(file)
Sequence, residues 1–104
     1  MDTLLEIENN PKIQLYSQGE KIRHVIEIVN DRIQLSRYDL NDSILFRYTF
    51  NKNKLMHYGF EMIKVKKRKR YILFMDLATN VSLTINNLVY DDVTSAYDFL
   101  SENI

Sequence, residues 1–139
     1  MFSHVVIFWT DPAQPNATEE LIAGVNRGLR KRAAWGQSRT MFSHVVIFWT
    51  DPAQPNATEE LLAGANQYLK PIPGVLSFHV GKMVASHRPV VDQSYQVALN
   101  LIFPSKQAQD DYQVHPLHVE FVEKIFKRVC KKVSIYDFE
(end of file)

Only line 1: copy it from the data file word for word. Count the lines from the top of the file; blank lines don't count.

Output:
Sequence, residues 1–104